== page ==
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Sand or Concrete: More on Facebook, Twitter, Google+, and Pinterest’s Terms of Service (TOS)

Photo Credit: Jef Nickerson via Flickr

Updated at the Bottom

Okay, so continuing yesterday’s dissection of various social media platform’s terms of service (TOS), a bunch of questions or comments came up about Facebook, Twitter, Google+, or Pinterest (or really, pick your social media platform — they all have similar TOS) that I’m going to attempt to answer.

Before we begin, I want to preface this by saying I use other social media platforms.  I think they’re wonderful tools of communication.  I just use them with this knowledge in the back of my head, and it colours the decisions I make about what I post.  But I just want that clear: I do post on Twitter, Facebook, et al.

So now let’s talk content since we discussed images and video yesterday.

Go back to the TOS samples I posted yesterday.  You are granting the same rights to your words whenever you post words on those sites.  So that totally amusing, pithy saying you came up with?  They can use that.  The tag line you have for your blog that you also post as the tagline to your Twitter account?  They can use that.  That clever slogan you came up with for Jif peanut butter while you were joking around with your friends?  They have the right to sub-license that slogan to Jif, collect the money for it, and not pass any of that money on to you (royalty free!).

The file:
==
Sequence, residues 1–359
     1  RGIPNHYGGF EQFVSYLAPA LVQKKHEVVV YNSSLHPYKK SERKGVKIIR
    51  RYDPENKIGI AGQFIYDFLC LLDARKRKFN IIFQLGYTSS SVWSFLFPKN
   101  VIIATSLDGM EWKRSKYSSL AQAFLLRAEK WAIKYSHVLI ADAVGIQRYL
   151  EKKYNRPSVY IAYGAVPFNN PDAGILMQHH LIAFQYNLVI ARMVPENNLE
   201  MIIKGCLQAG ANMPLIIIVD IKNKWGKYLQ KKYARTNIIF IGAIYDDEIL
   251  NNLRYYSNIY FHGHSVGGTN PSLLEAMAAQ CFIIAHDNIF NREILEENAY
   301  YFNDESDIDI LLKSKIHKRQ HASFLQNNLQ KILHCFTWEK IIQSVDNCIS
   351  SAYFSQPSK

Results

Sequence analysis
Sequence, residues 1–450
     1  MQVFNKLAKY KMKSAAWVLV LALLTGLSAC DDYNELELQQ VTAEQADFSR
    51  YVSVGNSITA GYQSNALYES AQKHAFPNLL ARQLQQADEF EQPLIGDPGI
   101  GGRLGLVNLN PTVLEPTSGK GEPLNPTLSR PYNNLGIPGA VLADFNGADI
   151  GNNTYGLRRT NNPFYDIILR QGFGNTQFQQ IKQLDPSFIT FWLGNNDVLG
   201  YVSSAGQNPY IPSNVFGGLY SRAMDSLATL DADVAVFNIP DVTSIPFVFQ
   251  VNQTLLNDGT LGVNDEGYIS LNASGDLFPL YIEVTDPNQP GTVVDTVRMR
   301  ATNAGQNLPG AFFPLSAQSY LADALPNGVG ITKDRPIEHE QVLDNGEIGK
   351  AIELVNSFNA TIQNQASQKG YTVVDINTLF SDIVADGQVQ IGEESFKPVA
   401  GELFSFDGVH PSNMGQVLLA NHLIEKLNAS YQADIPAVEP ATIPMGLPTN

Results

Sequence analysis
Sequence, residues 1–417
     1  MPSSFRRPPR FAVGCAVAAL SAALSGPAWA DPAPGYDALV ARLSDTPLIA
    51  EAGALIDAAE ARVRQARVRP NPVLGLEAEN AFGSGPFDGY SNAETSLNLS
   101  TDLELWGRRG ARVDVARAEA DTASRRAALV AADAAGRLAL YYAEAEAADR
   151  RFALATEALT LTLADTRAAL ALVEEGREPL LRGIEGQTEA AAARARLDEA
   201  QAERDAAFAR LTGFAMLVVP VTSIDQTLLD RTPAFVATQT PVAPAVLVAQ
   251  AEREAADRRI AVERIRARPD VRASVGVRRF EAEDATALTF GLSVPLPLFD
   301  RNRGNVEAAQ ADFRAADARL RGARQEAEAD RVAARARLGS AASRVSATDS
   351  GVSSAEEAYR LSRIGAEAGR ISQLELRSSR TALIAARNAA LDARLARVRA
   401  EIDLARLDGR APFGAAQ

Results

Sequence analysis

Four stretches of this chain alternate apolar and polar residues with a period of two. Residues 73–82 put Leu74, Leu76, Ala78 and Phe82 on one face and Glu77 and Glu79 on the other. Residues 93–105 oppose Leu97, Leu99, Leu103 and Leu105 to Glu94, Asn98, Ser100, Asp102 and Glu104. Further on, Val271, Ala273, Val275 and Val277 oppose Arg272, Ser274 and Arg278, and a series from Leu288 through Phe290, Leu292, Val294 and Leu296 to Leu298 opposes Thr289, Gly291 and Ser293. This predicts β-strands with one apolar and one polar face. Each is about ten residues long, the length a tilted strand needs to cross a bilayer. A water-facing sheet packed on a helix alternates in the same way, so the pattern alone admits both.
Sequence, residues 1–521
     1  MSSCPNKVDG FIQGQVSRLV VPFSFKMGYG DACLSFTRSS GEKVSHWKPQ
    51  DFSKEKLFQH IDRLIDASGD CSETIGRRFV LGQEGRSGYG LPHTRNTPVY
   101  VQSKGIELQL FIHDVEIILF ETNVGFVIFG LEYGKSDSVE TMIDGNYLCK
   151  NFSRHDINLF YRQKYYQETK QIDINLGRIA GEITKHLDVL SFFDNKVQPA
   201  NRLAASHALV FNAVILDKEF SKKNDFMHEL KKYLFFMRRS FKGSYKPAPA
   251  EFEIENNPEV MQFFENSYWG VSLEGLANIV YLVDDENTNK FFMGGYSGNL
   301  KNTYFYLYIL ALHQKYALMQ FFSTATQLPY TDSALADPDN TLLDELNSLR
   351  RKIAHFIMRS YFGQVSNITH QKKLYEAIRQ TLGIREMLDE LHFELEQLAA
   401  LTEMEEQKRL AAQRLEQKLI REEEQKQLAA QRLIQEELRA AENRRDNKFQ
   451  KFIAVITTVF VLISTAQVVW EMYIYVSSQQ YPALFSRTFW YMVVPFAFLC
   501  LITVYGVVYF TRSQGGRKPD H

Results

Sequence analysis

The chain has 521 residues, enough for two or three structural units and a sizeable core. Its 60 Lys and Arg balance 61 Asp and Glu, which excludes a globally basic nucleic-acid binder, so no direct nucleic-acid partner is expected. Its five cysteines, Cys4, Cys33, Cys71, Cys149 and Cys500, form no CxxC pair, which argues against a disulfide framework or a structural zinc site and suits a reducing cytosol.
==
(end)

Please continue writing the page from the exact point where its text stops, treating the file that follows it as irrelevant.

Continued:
Now, do I believe that this is likely to happen to you?  No, but it could happen to you.  So you just need to know that in order to set your comfort zone.  And again, this is about giving permission.

You still own your content, which means that YOU can also take your pithy statement and slap it on a t-shirt.  It means that by granting them these rights, that you are not losing your rights.  And that’s all well and good.  But you’ve also given any of these sites the right to use your content in that manner as well.  If you are comfortable with that possibility (and I am often comfortable with that possibility in the same way that I am often comfortable posting pictures of myself but not others), you should post that content.  If you are not comfortable with that possibility, you should post it elsewhere or not post it at all.